How much does financial advice cost?
Financial advisers must agree up front how much you will be charged for their services, when you'll be charged and how payments will be made to them. There are three main ways you will be charged.
A one-off charge that covers everything from the fact find to the plan implementation. Tailored to your needs, but could vary wildly from adviser to adviser.
You could be charged an initial fee for the recommendations and then a flat fee annually for reviews or each piece of work your adviser undertakes.
Simple and easily evidenced, but beware, as this method may be less of an incentive for the adviser to work quickly.
You could expect to pay anything between £50 to £250 an hour.
Proportion of the money you want to invest
This is a percentage of your assets. You could be charged an initial fee, ranging between 1% to 3%, and an ongoing charge between 0.25% and 1%.
Note that if you have a smaller amount to invest, an adviser who uses this method of charging might be reluctant to take you on, as they might feel the amount of revenue they would generate might not justify the cost of offering you their service.
Can I get free financial advice?
Many financial advisers offer a free initial consultation, which involve explaining what your financial needs are and identifying where you need help.
A good adviser will also talk you through your options and the services it offers to help you take the next steps.
That's where the free bit ends. If decide that you want a professional adviser to manage your financial affairs, you will only get firm recommendations and a strategy provide to you if you go ahead and agree to use their services.
However, if you're looking for general advice - sometimes called 'guidance' without recommendations, there are a few options - particularly if you are planning your retirement.
- Pension Wise - set up when the pension freedoms were introduced, you can speak to someone over the phone or face to face to understand your pension options
- The Pensions Advisory Service - an independent organisation funded by the government that can answer your pension questions
- The Which? Money Helpline - free for Which? members, our team of experts can help answer any financial queries, from savings, investments, pensions and tax
Ways to pay for financial advice
Depending on how much you have to invest, and the complexity of the services you're asking a financial adviser to provide, the cost of advice can often run into the hundreds, sometimes thousands, of pounds.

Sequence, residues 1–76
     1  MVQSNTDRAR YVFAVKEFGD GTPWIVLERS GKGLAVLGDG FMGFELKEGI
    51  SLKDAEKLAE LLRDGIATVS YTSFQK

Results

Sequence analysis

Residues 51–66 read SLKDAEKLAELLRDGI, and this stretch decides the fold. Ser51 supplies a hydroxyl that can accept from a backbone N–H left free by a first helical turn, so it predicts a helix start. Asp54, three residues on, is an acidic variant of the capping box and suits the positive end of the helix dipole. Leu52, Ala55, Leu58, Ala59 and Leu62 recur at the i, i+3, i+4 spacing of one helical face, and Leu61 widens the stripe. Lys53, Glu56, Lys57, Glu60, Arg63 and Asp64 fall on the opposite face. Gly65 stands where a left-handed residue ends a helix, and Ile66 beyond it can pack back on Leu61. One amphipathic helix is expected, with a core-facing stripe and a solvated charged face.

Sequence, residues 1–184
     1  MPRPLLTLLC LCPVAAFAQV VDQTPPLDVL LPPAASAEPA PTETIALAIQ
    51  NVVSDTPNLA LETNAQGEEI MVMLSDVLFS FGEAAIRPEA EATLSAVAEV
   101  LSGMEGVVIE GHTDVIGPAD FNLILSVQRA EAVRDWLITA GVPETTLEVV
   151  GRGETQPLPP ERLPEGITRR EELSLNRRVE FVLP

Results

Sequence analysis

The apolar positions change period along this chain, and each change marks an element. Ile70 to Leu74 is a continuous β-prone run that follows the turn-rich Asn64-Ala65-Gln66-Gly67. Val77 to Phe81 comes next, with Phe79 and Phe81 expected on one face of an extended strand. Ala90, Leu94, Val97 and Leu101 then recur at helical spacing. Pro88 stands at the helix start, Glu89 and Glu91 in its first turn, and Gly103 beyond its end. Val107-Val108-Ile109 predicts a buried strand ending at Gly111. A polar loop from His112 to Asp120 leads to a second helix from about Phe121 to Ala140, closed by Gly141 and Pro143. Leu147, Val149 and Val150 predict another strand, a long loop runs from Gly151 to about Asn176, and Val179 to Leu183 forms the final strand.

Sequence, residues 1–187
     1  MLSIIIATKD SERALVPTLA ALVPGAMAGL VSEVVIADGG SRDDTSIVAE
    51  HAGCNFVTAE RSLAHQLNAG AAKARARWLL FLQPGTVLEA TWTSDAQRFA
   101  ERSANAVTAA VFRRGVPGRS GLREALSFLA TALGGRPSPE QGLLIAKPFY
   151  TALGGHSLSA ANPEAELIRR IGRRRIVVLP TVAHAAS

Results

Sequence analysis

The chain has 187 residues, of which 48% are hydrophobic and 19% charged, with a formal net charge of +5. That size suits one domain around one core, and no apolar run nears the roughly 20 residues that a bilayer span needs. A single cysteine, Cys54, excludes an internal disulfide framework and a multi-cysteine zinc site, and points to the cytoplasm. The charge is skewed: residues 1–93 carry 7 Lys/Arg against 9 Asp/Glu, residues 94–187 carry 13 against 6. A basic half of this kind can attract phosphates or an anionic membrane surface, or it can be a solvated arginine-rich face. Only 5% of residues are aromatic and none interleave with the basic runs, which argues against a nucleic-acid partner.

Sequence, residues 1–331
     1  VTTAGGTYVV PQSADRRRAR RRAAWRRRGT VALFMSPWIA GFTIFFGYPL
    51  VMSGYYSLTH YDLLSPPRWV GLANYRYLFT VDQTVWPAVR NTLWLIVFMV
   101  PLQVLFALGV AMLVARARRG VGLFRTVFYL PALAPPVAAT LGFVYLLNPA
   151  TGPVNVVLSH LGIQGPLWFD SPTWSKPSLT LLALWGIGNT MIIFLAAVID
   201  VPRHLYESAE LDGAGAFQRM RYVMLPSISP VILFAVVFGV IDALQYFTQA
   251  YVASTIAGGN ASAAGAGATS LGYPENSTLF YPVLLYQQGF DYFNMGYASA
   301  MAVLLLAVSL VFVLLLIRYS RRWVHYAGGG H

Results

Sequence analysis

However, there are some ways that can make meeting the cost of professional advice a little easier for you to manage.
The Pensions Advice Allowance
Introduced in April 2017, the Pensions Advice Allowance lets you withdraw up to £500 from your pension savings to put towards the cost of retirement and pensions advice.
This £500 allowance can be used three times, which is designed to allow you to access retirement advice at different stages of your life. You may, for example want advice when choosing a pension, and again when you’re deciding what to do with your savings.
However, you can only use one of your three withdrawals per tax year.
The good news is that you won’t be charged any tax on your withdrawal, provided you use it to pay for financial advice.
The Pensions Advice Allowance is available at any age, but can only be used by people who have a defined contribution pension. The scheme is not available for those that have a defined benefit, or final salary, pension.
Financial advice through your employer
Companies can also offer to pay for financial advice for their employees without paying income tax.
This tax-exemption has always existed – but has been increased since April 2017 from £150 to £500.
In combination with the Pensions Advice Allowance, this means you could get £1,000 towards paying for pension or retirement advice.
What if I'm still paying commission on old investments?
'Trail' is the ongoing commission that advisers used to receive from your investment funds.
Advisers can still receive trail commission if the advice was given before 1 January 2013. Trail can also still be charged if you move to another adviser, as long as the adviser discloses the amount of trail to you immediately.
However, if your adviser switches you to a new investment, or recommends increased contributions to your investments, you will have to pay an explicit fee.
If you suspect you are still invested in funds that pay trail commission, it would make sense to ask your adviser to review your portfolio.